It’s amazing how perfect the narrative of this story is; Americans love suing, and who not better to be the plaintiff than one of our country’s biggest corporations? Walmart, a company that builds breeding grounds for American stereotypes (and supermarkets), is filing a lawsuit against the wife of a now-deceased photographer. What’s the dispute? They want the rights to photographs taken by the late husband and his father of the Walton family themselves.
For those that don’t know, the Waltons were the family that started Walmart. Robert and David Huff used to shoot portraits for them back when the supermarket wasn’t the success it is today. Now, the family is demanding the rights to the estimated 200 pictures taken, and they’re suing the late David Huff’s wife, Helen Huff, in order to get them. In their statements, they demand the rights to the boxes of negatives, photos, and proofs that the Huff Family possesses; the Waltons further argue that they themselves own intellectual property rights to the pictures. In an attempt to save face, the family tried offering $2,000 for everything. No word on whether Helen actually accepted the offer, but don’t count on it; that price is nowhere near how much the pictures are worth now, and it’s somewhat pathetic for a family of billionaires to refuse paying anything more than that.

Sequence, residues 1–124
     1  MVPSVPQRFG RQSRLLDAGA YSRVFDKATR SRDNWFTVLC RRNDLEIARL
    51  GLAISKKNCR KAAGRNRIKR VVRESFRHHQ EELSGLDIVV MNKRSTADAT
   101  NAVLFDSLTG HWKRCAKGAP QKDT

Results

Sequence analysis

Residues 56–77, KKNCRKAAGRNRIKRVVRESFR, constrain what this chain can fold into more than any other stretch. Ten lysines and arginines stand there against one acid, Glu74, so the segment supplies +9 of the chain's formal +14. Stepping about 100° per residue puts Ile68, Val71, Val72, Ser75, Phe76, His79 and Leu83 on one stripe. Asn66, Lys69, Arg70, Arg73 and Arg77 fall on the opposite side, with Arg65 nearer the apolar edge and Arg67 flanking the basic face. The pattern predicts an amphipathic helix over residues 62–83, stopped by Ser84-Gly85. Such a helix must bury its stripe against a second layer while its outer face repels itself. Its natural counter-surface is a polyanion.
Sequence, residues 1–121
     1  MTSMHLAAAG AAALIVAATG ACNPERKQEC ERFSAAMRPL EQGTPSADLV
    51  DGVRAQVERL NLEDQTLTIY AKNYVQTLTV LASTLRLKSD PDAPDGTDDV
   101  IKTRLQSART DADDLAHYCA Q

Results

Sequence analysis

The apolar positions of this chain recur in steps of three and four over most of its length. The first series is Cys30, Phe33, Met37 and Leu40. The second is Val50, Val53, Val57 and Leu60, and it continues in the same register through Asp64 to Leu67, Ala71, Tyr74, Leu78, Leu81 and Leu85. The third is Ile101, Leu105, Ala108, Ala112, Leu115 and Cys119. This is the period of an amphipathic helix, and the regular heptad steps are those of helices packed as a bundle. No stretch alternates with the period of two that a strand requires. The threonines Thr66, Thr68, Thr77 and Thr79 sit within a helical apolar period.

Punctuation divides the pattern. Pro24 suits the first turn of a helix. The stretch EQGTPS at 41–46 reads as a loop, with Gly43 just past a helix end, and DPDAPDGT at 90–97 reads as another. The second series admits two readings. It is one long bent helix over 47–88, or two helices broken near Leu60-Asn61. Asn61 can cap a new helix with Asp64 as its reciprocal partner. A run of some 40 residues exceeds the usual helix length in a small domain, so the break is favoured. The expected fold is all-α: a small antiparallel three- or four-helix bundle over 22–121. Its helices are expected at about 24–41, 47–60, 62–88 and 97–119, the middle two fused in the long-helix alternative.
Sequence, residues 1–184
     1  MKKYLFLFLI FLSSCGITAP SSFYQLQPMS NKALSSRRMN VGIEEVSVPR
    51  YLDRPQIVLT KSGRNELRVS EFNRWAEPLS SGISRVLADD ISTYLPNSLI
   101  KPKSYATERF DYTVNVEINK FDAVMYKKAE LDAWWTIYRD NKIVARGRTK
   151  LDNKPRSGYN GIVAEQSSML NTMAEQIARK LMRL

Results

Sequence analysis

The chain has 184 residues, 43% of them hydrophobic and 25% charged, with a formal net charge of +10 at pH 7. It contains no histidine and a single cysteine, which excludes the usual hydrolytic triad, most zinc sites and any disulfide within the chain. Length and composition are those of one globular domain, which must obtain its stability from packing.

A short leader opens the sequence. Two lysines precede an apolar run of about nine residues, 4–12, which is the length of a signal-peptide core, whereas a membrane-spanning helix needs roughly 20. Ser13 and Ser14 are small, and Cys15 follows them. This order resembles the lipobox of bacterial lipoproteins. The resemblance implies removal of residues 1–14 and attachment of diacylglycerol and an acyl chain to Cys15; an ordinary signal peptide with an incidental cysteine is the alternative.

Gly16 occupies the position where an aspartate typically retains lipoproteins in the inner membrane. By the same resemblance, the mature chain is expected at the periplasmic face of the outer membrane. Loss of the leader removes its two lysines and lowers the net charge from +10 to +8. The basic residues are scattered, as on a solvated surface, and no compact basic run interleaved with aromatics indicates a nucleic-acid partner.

Essentially, there’s only two possibilities here: that the Waltons have no absolute idea how copyright law works in this country, or that they do, but they’re hoping their power establishes some heavy influence in the court.
It’s not a secret that copyright law in the US establishes the photographer as the sole owner to the photos they take, and it’s a shame that a lawsuit like this has gone this far. When addressing the issue, the Professional Photographers Association cited the case of Natkin v. Winfrey; in the suit, Oprah Winfrey declares that she has intellectual rights to photos taken of her, only to be shot down in court by precedent. The photos the independent contract photographers on set took of her remained rightfully theirs.
Hopefully, this case follows that precedent and gets scrapped fast. I might be coming off as a bit harsh against Walmart, but if this were a suit between two average citizens, it would have been decided within a heartbeat. There’s precedent established, and there’s no reason for the case’s jurisdiction to have passed from the state court to the federal court. The unfortunate problem is that money and power talk, and Walmart’s pretty damn familiar to both.
[Via The Phoblographer]